Danville battling birds

December 22, 2004|LIZ MAPLES

Just before dusk the horizon is awash in pink above Indian Hills. The cold air cushions the sounds of the neighborhood, and the only sounds are of wings flapping. Bird silhouettes sweep back and forth in the distance. The scenery could be described as beautiful.

But not to Trisha Patterson.

To her, the sights and sounds are horrific. When evening falls she knows that hundreds of birds will soon descend upon her house. Tired from a day of feeding, the birds roost in the 30-year-old Magnolia in her front yard, and then proceed to defecate all over it, the driveway, the family cars and even guests who have come to visit.

"It's like that movie, 'Birds,'" she says, talking about the classic 1963 Alfred Hitchcock film.

For three years Danville has fought the starlings, grackles and blackbirds that are almost as fond of the city as tourists. The city has a $19,000-a-year contract with the state that employs a wildlife biologist who tracks the birds, sets out traps and baits the feeding grounds.


So far, the biologist estimates he has reduced the flock by about 50,000, but its total girth is six or seven times that.

Mild temperatures haven't helped

Usually the birds come in for the fall and winter, and migrate back north to multiply. This year, mild temperatures didn't stir nature's call to move, and the birds stayed and multiplied here.

The flock is larger than ever, according to Tom Broach, code enforcement officer for Danville.

The meteorologists have predicted a harsh winter, and that will mean more success for the eradication program.

When the birds have plenty to eat, they will ignore the baited bread, but with snow on the ground and a scarce food supply, the flocks will gobble up the bait.

It may seem cruel, but not to those who deal with the bird chatter and defecation.

Patterson's son says he has to clean his car every couple of days. On Sunday he washed it, and by Monday evening the birds had polka-dotted it again.

They are a health hazard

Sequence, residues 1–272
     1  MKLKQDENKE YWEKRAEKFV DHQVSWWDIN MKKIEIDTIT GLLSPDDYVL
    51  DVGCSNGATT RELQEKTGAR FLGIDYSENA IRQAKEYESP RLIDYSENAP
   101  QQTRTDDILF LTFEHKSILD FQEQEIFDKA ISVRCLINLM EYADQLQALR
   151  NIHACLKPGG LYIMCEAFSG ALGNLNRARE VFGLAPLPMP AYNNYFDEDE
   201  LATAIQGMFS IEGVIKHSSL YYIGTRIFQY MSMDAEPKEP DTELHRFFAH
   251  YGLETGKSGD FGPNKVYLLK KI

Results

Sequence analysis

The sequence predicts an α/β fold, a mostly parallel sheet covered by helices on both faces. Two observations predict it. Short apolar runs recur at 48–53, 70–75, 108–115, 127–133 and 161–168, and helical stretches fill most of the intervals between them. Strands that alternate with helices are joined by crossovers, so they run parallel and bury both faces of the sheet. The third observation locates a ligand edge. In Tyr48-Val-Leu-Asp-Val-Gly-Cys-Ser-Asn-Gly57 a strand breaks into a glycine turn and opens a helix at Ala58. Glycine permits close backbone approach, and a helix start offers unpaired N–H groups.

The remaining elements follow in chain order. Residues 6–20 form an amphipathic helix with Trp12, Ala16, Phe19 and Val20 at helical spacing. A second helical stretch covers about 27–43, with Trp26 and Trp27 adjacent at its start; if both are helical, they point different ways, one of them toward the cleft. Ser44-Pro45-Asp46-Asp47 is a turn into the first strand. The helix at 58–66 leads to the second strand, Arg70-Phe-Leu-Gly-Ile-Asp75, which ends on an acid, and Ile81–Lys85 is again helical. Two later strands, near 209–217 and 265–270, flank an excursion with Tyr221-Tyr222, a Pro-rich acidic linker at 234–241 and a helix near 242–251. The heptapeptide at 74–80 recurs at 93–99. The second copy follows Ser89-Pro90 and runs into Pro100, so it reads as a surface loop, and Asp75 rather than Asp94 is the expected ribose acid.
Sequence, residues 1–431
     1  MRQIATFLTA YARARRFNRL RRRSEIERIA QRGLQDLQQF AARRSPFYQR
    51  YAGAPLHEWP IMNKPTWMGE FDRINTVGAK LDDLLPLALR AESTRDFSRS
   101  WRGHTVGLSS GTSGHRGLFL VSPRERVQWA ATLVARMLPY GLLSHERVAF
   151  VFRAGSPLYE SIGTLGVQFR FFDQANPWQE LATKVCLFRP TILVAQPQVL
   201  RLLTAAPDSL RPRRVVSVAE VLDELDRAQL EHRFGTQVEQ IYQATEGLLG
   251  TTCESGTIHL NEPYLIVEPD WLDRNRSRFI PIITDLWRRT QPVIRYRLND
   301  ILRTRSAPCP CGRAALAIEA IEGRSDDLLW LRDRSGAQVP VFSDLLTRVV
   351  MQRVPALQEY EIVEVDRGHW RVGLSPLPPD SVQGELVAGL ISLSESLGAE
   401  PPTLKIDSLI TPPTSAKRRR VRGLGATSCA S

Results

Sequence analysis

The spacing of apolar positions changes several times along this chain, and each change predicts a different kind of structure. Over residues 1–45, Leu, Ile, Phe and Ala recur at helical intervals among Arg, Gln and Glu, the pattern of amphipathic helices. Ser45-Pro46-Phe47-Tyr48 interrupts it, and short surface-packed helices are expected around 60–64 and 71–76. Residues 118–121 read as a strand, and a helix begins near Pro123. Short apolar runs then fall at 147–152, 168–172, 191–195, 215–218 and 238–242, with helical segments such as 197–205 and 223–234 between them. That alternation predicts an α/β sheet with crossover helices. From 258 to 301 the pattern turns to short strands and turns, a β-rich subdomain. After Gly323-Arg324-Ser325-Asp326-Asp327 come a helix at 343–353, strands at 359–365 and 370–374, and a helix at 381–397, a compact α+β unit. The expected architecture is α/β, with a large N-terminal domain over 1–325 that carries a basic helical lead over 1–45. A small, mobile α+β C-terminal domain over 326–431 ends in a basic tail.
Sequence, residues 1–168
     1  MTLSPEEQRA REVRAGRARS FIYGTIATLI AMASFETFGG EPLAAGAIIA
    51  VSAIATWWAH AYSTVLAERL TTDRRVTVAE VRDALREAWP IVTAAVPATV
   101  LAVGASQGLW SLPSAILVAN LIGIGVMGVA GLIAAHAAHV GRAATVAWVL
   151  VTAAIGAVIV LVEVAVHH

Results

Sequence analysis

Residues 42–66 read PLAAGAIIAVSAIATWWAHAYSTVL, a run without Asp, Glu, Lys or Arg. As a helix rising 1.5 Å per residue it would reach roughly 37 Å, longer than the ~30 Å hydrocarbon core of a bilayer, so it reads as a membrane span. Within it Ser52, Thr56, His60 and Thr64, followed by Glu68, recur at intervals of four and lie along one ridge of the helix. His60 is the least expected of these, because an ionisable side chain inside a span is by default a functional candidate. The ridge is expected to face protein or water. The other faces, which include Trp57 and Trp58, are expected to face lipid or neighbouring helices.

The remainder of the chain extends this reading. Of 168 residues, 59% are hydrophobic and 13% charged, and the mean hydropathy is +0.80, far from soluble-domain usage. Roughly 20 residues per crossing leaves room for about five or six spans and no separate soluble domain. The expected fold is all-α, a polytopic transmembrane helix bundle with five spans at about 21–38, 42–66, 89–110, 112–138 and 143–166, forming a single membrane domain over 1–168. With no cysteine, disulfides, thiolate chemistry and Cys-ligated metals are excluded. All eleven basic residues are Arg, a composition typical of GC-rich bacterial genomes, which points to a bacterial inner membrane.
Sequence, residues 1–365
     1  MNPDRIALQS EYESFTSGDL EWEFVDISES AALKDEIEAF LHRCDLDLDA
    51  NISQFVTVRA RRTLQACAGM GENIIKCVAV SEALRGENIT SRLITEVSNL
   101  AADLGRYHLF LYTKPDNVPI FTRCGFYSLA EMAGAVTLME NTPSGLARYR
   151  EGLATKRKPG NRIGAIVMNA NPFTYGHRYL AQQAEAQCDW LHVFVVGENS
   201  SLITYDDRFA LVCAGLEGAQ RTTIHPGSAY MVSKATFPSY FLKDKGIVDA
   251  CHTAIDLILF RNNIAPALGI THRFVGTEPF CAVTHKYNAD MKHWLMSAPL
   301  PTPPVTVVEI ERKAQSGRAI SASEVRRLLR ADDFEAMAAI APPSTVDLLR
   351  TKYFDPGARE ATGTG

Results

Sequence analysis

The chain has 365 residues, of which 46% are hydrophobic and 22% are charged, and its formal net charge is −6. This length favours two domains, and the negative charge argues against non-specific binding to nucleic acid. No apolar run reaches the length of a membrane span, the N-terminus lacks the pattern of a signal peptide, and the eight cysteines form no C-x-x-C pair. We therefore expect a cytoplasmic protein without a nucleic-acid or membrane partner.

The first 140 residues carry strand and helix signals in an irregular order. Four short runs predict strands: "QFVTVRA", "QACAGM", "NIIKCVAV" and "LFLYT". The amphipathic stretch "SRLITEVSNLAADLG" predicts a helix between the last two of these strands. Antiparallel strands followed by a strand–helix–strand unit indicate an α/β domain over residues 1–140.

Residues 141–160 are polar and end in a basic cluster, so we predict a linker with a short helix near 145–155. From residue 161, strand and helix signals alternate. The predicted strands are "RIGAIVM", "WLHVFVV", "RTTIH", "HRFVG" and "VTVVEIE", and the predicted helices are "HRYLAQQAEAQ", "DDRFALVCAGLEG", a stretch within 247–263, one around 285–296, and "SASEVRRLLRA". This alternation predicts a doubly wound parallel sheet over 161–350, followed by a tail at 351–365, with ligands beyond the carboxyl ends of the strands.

Like rats and cockroaches, the birds are scavengers, eating out of the trash and preying on dead animals in the road. They are a health hazard for human beings.

The bird waste contains the fungus histoplasma. The first symptoms of infection are mild, similar to a cold or flu, but can later lead to histoplasmosis, the leading cause of blindness in Americans ages 20 to 40, according to the U.S. National Institutes for Health.

The birds also drive out song birds, Broach said.

The droppings are acidic and can cut through the clear coat on a car. Even the city vehicle that Broach drives has fallen victim.

"You can't even wax it out, the paint job is ruined."

Broach said the birds like the mature trees in Danville, and have few natural predators. Cooper Hawks are one.

"But they can only eat so many a day," Broach said.

Working to get propane cannons

Besides baiting the birds, Broach is working on getting the state to loan the city propane cannons.

The noise will scare the birds, but because the birds have, well, bird brains, the cannons have to be set off repeatedly for the flock to get the message.

Patterson has tried setting off fireworks, but says it hasn't helped much. She's ready for a cannon.

"Next ... I'm going to take a shotgun and shoot right up in the tree," she said, shaking her head in desperation.

She goes inside to get out of the cold. Above, her the birds swoop again.

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